Figure 1

Figure 1: Representation of a complex filter graph

Here, the third video input (from the virtual device) acts as the input video stream. This stream is scaled to the resolution matching that of video1.avi and video2.avi. The stream is generated for a total duration of 15s and the output stream is represented by base.

[base][v0]overlay[base1];[base1][v1]overlay[outv]

The command given above will simply overlay the streams v0 and v1 on base. The resulting stream is represented as outv.

Figure 2

Figure 2: Various streams and filters used in the example command

-map: The final video stream outv is designated as the source for an output file using this option (see https://www.ffmpeg.org/ffmpeg-all.html#Advanced-options)

Look at the command again. Hopefully it is not as scary now.

Adding an image
Often, there is a need to show a picture for a couple of seconds in a video (for example, when showing a logo). The command below will create a video (img.avi) that will show the image (img.jpg). The option‘-t’ sets the duration of the video to be 5s and the option‘-s’ sets the resolution.

ffmpeg -loop 1 -i img.jpg -t 5 -s 1920x1808 img.avi

Multiple videos
When there are more than two videos to be stitched, the procedure can be extended in a trivial manner. Though it is easy, care has to be taken in deciding the parameters for fade and setpts filters so that the videos are overlaid at the proper time. The command given below creates video.avi by stitching img.avi and the previously used video1.avi and video2.avi.
Also, note that in this case, video1.avi is both being faded in (in the beginning) and faded out (at the end).

ffmpeg -i img.avi -i video1.avi -i video2.avi -f lavfi -i color=black -filter_complex “[0:v]fade=t=out:st=4:d=1:alpha=1,setpts=PTS-STARTPTS[v0];[1:v]fade=t=in:st=0:d=1:alpha=1,fade=t=out:st=4:d=1:alpha=1,setpts=PTS-STARTPTS+5/TB[v1];[2:v]fade=t=in:st=0:d=1:alpha=1,setpts=PTS-STARTPTS+10/TB[v2];[3:v]scale=1920x1080,trim=duration=20[base];[base][v0]overlay[base1];[base1][v1]overlay[base2];[base2][v2]overlay[outv]” -map [outv] video.avi

As you would have guessed by now, a script can be used to construct the above command. Once we have the list of videos, the sequence they need to be stitched in, and the lengths of the videos, a script can speed up this process and make it less error prone. The base video stream (represented as [base]) can also be generated using the nullsrc filter.

Overlay (PIP) videos
We used the overlay filter as a background stream and then concatenated multiple videos in previous examples. Overlaying can do much more. The example below shows how we can create a PIP video using the overlay filter:

ffmpeg -i img.avi -i video1.avi -filter_complex “[0:0]scale=320:240[v0];[1:0][v0]overlay=overlay_w:overlay_h [outv]” -map [outv] pip_video.avi

Here, we scale the img.avi to a smaller size (320 x 240) and then overlay it on top of video1.avi.
First, note that I am using [0:0] instead of [0:v] to refer to the video stream. (The 0th stream is generally the video stream. This notation is intuitive when there is more than just one stream of a type, for example, multiple audio streams.) The scale filter scales the video stream from first input to a smaller size. The overlay filter accepts two parameters that give the position of the overlaid video on top of the base video. We have used overlay_w and overlay_h, which represent the width and height of the overlaid video in FFmpeg (so the PIP video is placed at 320 x 240 pixels from the top left corner). We can also give absolute values for this parameter.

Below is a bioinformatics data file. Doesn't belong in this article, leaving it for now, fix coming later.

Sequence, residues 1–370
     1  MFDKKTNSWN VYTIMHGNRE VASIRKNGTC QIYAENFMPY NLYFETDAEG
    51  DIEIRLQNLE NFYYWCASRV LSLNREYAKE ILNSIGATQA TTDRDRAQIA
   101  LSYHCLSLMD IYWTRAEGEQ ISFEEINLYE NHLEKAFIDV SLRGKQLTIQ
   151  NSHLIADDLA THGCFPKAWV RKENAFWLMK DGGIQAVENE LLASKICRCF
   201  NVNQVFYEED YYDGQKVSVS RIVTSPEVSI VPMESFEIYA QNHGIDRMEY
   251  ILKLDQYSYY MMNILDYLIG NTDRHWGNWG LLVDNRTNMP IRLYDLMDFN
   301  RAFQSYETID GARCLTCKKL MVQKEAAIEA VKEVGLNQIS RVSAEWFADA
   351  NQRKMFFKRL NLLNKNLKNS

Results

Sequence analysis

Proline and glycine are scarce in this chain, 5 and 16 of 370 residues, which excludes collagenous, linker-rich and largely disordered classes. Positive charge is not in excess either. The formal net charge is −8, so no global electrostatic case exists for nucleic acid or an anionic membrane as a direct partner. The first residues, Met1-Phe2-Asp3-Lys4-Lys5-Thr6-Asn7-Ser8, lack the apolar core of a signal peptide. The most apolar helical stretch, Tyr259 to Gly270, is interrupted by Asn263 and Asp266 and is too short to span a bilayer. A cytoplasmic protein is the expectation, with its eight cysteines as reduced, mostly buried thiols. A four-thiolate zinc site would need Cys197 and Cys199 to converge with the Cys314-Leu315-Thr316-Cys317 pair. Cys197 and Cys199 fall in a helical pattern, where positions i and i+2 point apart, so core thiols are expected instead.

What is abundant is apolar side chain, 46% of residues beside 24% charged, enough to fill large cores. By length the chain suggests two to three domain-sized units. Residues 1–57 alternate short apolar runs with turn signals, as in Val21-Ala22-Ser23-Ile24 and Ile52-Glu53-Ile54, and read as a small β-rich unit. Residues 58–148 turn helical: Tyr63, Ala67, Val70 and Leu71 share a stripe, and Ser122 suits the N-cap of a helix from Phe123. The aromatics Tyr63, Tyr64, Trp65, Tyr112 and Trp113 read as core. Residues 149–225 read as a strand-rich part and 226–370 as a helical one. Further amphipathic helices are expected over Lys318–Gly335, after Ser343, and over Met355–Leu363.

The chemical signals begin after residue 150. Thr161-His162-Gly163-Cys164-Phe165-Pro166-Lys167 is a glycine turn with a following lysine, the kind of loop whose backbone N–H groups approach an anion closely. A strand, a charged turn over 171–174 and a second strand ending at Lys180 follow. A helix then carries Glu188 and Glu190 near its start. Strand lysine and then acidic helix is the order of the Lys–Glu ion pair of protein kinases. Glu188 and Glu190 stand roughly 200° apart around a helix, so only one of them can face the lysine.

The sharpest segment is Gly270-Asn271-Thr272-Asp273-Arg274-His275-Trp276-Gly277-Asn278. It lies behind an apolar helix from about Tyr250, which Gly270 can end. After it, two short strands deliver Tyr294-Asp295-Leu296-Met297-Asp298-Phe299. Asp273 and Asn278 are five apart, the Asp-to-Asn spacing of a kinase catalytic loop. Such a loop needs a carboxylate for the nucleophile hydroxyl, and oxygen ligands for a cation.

Audio
Until now, we have looked at the video streams only. How good is a video without its audio?
Audio is, by default, picked from the audio stream of the first input. So, in any of the commands used till now, if we did not explicitly map the [outv] video stream to the output file, the audio stream from the first input is available in the output file.
For example:

ffmpeg -i video1.avi -i video2.avi -filter_complex “[0:0]scale=320:240[a];[1:0][a]overlay=overlay_w:overlay_h” out.avi

This is similar to the overlay command used before. But now, the audio from the first video is available in out.avi.
To explicitly concatenate the audio from two files, the following command can be used:

ffmpeg -i video1.avi -i video2.avi -f lavfi -i color=black -filter_complex “[0:v]fade=t=out:st=5:d=1:alpha=1,setpts=PTS-STARTPTS[va0];[1:v]fade=t=in:st=0:d=1:alpha=1,setpts=PTS-STARTPTS+5/TB[va1];[2:v]scale=1920x1080,trim=duration=15[over];[over][va0]overlay[over1];[over1][va1]overlay[outv];[0:a]atrim=end=5,asetpts=PTS-STARTPTS[a1];[1:a]atrim=end=10,asetpts=PTS-STARTPTS[a2];[a1][a2]concat=n=2:v=0:a=1[outa]” -map [outa] -map [outv] video.avi

Let us look at the filter graphs used for audio.

[0:a]atrim=end=5,asetpts=PTS-STARTPTS[a1];[1:a]atrim=end=10,asetpts=PTS-STARTPTS[a2]

The audio stream from the first input is passed through two filters – atrim and asetpts. The former is used to trim the audio stream to 5s and asetpts sets the time stamp for the audio frames. The same filters are applied to the audio stream from the second input. Note that atrim is used to trim the length of the audio clip from an input. Since we are using the entire length, it can be omitted in this case.

[a1][a2]concat=n=2:v=0:a=1[outa]

The two streams ([a1] and [a2]) are not concatenated using the concat filter to create the final [outa] stream that is written to the output file.
The FFmpeg documentation is very comprehensive and can be used as a good reference while using the tool. There are lots of other options that can be used with FFmpeg to modify audio and video files as desired.

References
[1] https://www.ffmpeg.org/ffmpeg.html
[2] http://en.wikipedia.org/wiki/FFmpeg